Audioengine A5 amplified iPod speakers
Too good for MP3?
Given the A5s are aimed at the digital music player owner, I tried them this way first. There's no doubt, these are serious, room-filling speakers. The sound's big and beefy without, and distortion free even when both the iPod and the A5s themselves - there's a volume control on the front of the left speaker - are turned up to max.
The A5s' strength is the bass which not only has all the thump you'd expect from a powerfully amplified set-up but also an isotropic quality so you feel they're pointed at you wherever you are in the room. There's also good detail there.
What the A5s lacked - at least at first - were the higher frequencies. Some recordings and music genres were worse than others, of course, but even so the sound lacks sparkle and clarity.
What we're seeing here is the limit of the medium, and the danger of stressing how handy your speaker products are for MP3 player usage. The A5s aren't deficient at the higher frequencies, as hooking them up to MacBook Pro and tweaking iTunes' EQ setting revealed. Playing CDs through the A5s showed just how clear they can be while still pumping out a solid, warm bass.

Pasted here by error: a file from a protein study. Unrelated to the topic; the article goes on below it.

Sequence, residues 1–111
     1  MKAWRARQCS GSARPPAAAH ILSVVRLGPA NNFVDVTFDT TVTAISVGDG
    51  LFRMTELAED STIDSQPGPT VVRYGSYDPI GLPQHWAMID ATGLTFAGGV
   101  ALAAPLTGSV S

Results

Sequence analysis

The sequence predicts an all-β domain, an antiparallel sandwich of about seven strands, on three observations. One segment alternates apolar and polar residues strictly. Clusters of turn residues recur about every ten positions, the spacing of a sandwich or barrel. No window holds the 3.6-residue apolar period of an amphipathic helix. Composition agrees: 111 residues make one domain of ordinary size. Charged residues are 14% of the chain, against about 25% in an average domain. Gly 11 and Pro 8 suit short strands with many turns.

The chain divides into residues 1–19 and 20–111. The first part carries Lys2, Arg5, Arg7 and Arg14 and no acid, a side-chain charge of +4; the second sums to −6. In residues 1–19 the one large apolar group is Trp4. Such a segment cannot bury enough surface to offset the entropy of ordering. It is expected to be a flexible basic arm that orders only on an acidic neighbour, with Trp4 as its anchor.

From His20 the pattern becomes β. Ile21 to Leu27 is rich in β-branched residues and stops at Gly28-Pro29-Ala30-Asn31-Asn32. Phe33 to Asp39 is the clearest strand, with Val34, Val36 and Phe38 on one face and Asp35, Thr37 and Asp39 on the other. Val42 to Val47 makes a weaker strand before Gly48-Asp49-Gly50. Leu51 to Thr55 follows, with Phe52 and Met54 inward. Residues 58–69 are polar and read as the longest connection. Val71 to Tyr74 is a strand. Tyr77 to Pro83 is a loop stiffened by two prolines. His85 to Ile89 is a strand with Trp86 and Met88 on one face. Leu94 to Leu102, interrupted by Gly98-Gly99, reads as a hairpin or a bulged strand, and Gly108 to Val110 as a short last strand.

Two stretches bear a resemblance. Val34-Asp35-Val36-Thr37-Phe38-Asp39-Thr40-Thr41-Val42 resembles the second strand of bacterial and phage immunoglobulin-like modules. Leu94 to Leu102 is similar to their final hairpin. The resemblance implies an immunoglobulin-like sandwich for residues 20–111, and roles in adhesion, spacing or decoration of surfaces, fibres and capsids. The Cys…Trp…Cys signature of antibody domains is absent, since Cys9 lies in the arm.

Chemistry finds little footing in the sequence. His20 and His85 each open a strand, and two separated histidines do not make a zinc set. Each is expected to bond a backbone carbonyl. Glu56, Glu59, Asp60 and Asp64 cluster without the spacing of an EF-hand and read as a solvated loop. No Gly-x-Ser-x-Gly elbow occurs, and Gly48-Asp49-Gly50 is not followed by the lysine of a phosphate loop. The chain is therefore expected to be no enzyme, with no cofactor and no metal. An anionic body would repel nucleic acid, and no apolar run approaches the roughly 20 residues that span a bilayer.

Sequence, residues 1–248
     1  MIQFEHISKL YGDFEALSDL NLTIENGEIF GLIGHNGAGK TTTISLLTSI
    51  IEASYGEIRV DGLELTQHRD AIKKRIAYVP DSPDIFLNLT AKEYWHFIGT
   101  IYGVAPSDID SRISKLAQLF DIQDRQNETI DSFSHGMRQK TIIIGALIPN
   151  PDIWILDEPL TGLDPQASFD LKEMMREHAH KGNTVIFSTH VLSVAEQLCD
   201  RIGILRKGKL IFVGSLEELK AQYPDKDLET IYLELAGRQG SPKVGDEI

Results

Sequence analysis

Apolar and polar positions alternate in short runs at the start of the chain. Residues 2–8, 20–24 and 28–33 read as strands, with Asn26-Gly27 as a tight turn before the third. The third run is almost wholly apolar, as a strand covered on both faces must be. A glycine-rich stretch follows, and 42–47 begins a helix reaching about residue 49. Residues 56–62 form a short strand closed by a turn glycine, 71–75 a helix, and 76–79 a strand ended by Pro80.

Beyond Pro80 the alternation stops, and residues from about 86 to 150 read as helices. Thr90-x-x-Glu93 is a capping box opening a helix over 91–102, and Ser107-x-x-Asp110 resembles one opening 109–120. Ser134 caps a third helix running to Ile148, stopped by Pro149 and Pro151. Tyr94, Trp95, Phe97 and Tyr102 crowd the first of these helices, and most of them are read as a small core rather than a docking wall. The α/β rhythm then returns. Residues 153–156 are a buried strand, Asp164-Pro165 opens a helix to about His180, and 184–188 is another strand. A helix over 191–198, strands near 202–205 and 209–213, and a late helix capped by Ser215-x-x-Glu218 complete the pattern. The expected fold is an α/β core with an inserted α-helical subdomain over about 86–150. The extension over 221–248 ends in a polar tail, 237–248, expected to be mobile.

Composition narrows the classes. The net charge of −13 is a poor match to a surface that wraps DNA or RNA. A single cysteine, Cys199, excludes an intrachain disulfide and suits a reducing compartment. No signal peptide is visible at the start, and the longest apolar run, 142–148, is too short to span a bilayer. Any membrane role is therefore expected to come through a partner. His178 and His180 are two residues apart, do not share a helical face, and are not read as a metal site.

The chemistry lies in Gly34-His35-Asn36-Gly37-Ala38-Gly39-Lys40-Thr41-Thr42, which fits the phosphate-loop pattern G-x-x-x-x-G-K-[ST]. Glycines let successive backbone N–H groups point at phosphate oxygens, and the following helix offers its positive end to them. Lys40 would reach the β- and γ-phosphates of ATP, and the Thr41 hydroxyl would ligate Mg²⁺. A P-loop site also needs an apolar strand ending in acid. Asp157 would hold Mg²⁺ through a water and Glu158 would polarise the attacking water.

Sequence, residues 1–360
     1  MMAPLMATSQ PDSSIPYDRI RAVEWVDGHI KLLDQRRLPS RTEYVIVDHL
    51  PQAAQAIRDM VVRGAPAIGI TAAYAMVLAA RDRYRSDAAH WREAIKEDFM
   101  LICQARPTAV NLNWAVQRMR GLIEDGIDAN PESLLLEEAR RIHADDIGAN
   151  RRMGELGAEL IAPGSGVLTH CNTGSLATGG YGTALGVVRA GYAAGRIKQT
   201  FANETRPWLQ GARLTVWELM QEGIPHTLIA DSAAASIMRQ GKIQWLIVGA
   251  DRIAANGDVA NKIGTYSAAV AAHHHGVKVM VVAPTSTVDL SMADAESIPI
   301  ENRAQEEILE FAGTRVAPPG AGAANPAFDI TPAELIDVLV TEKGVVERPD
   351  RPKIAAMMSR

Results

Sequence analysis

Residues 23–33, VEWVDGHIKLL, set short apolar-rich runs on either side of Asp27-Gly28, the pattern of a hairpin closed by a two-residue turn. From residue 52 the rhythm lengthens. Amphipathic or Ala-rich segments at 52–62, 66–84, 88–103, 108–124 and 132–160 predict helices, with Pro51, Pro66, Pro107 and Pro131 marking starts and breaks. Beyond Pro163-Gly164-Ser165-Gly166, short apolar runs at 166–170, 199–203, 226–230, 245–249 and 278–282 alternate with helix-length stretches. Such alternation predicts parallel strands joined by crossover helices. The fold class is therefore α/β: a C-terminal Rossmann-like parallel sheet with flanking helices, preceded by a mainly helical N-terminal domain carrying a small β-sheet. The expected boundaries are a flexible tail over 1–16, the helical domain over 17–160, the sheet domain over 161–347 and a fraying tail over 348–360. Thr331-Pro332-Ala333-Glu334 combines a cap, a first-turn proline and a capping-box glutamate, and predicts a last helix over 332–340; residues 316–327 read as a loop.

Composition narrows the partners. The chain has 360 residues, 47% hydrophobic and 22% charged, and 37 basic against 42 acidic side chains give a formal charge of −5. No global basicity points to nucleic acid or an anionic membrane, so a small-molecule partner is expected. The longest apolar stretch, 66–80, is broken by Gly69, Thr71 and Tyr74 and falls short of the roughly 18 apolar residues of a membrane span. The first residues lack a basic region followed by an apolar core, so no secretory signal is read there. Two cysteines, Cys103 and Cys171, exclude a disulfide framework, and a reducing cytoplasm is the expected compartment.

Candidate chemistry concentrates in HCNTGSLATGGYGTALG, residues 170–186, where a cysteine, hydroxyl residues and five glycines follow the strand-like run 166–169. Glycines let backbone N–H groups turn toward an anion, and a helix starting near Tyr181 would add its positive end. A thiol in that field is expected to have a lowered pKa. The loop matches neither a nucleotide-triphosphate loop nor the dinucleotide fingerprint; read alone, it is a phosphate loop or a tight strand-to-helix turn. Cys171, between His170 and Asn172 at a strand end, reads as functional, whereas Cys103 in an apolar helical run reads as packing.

Listening environment and personal taste are important factors too, so it's a good that Audioengine offers new buyers a 30-day audition period. If you don't like the A5s, you can send them back for a refund - minus shipping costs, of course.
The price for this fine set of speakerage? Just $349 (£186/€275) a pair, so hardly a bank-breaking asking price, though overseas buyers may face significant delivery charges given the A5s' combined weight.
Audioengine's A5 speakers look good and sound even better. Hook them up to a CD or DVD player and you're in for a real treat. The company's claim that MP3 and other lossy audio formats sound great too is entirely true, but only because of the volume. These technologies sell the A5s short - the speakers deserve much better sound sources. Frankly, they're too good for MP3s. ®